We all know the most common developmental milestones and roughly when they should occur. Rolling, crawling, and walking are the easy ones, but what about the more subtle, less-talked-about milestones that are just as important. I like to call some of these milestones mini-milestones. Sometimes babies slip them in there without any fanfare. For example, we carefully record the date of the first step and the first word in the baby book, but what about the first time your baby noticed you from across the room or picked up a cheerio using a three-finger-grasp. Before we delve into these milestones, it is important to point out three critical tips about milestones in general.
The first thing that is important to remember is that all babies are individuals.
They are developing at their own rate in their own time. Try not to compare your baby to other babies and try not to live by the developmental milestone charts. Babies don’t hit milestones on the exact date that the chart says they will. The goal is to see minor progression every week.
The second important point is that babies should not show regression or go backward or plateau for a long time with their skills.
Of course, as your baby learns new skills, they may forget to practice an older skill. For example, perhaps your baby was rolling from front to back, but as they learn to push up on their arms and explore what is in front of them, they forget that they know how to roll because they are so distracted by the world they are exploring. This is common, but losing skills completely without developing new ones is a red flag.
The final important point about milestones is babies should never skip developmental milestones.
Each developmental milestone builds on the previous one, so it is essential to spend time working on each milestone. For example, some babies go straight to walking without ever crawling, and parents applaud this. Still, crawling is a critical milestone to build core strength, balance, sensory skills, and visual skills. If this milestone is skipped, a lot of opportunity for development is lost. Encourage every milestone along the way.
Let’s explore some of the lesser-known milestones because having an awareness of these will ensure that your baby stays on track and continues to move forward in their development.
1. Development of depth perception
Depth perception occurs within a tiny window of time, right around three months. Within two weeks, your baby will suddenly be able to take in images far away in the landscape and have an awareness of how far away items are. It is important to be aware of this so that you can provide your baby with lots of opportunities to explore different depths. Going outside for walks and looking out windows is excellent. You can also talk to your baby from across the room and see if he looks at you. Place toys at varying depths during tummy time and take note if your baby looks from one toy to another.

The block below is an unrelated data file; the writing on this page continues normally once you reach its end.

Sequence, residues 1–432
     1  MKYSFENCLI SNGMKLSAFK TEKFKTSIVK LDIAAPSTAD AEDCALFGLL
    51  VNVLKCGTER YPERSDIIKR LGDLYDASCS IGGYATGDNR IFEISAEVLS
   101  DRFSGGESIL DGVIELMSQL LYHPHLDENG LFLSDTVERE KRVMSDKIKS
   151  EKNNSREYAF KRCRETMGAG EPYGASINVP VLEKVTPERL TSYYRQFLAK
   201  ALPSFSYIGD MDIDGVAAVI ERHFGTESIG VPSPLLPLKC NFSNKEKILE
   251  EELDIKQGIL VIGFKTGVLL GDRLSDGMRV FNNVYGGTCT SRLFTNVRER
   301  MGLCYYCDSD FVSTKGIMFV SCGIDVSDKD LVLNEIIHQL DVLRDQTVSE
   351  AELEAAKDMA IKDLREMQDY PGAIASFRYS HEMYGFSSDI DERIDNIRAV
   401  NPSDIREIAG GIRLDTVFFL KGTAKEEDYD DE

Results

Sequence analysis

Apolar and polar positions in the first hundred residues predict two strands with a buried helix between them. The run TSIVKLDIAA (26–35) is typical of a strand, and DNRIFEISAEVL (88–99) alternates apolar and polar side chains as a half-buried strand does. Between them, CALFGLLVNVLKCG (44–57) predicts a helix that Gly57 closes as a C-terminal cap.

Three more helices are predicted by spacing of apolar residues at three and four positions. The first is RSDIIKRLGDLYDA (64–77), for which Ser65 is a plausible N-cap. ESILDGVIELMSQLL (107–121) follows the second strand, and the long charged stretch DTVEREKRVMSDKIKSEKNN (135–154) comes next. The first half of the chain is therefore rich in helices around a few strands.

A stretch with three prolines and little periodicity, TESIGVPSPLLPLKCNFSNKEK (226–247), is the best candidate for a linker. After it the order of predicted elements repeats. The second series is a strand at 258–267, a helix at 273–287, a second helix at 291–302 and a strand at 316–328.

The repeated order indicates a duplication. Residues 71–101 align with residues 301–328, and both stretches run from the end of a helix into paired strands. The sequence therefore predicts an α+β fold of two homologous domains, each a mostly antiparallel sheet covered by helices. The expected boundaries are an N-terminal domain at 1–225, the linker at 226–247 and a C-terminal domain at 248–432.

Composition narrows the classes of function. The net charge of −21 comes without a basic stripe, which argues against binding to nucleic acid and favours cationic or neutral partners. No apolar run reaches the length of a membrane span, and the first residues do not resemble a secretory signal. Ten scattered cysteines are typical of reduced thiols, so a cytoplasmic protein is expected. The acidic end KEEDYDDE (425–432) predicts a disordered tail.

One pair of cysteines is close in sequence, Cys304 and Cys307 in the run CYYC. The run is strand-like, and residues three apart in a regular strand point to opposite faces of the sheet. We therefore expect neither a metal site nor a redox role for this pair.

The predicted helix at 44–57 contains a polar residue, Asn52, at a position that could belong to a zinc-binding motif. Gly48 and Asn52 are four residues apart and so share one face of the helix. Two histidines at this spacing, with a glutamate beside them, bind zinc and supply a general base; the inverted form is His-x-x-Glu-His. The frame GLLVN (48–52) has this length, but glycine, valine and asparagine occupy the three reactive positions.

If you suspect issues with your baby’s vision, such as lazy eye or trouble focusing, try to get this addressed before three months so depth perception can develop correctly.
2. Fine pincer grasp
Around six to eight months, your baby will switch from the baby “raking” grasp, where they use four fingers to rake small items into their fist, to the three-finger fine pincer grasp. They now have the ability to oppose their thumb and use their thumb, index, and middle finger to pick up a small item. This happens fast and makes choking hazards even more hazardous, but it also allows your baby to explore more of his world with his hands and allows him more independence during feeding.
3. Purposeful palm release
Right around three to four months, the grasp reflex relaxes, and babies can purposefully release an item. This is significant because they can now pass a toy from one hand to the other and have more control over their world to help them explore.
4. Longer sleep cycles
Newborns have sleep cycles that only last 50-60 minutes, but right around three months, they transition to the more “adult” length sleep cycles of 90 minutes, allowing them deeper, more restful sleep, and it becomes easier to get your baby on a schedule.
5. Kneecaps form
Did you know your baby was born without kneecaps? This is because babies are born with only cartilage, not patellas. Your baby’s kneecaps will transition from cartilage to hard bone around age three to five years and are completely formed around ten to twelve years. This soft cartilage allows for growth.
6. Knows her name
Usually, around six months, your baby will turn her head toward someone who says her name, demonstrating that she has learned that word represents her. This is an important milestone because she is starting to have an awareness of her own separate identity.
7. Recognizes himself in the mirror
Babies look in the mirror from a very young age and seem fascinated by the bright-eyed baby staring back at them. Still, it isn’t until around 18 months that babies usually know that the reflection is himself. This is a great milestone because it represents self-awareness and a developing sense of his own identity. You can help your baby develop this by putting a sticker on your baby’s cheek and seeing if he reaches for the sticker in the mirror or his cheek—play mirror games to help him learn this distinction.
8. Understands the pause and flow of a conversation
By around one month, babies are already starting to shift their eye gaze from one person to another person when the first person pauses during a conversation. This shows us that they are understanding conversation from a very young age and forming the foundation for their communication.
Babies reach mini-milestones every single day that we might not even be aware of. So it can be fun to pay close attention and think about how these mini-milestones teach your baby about the world.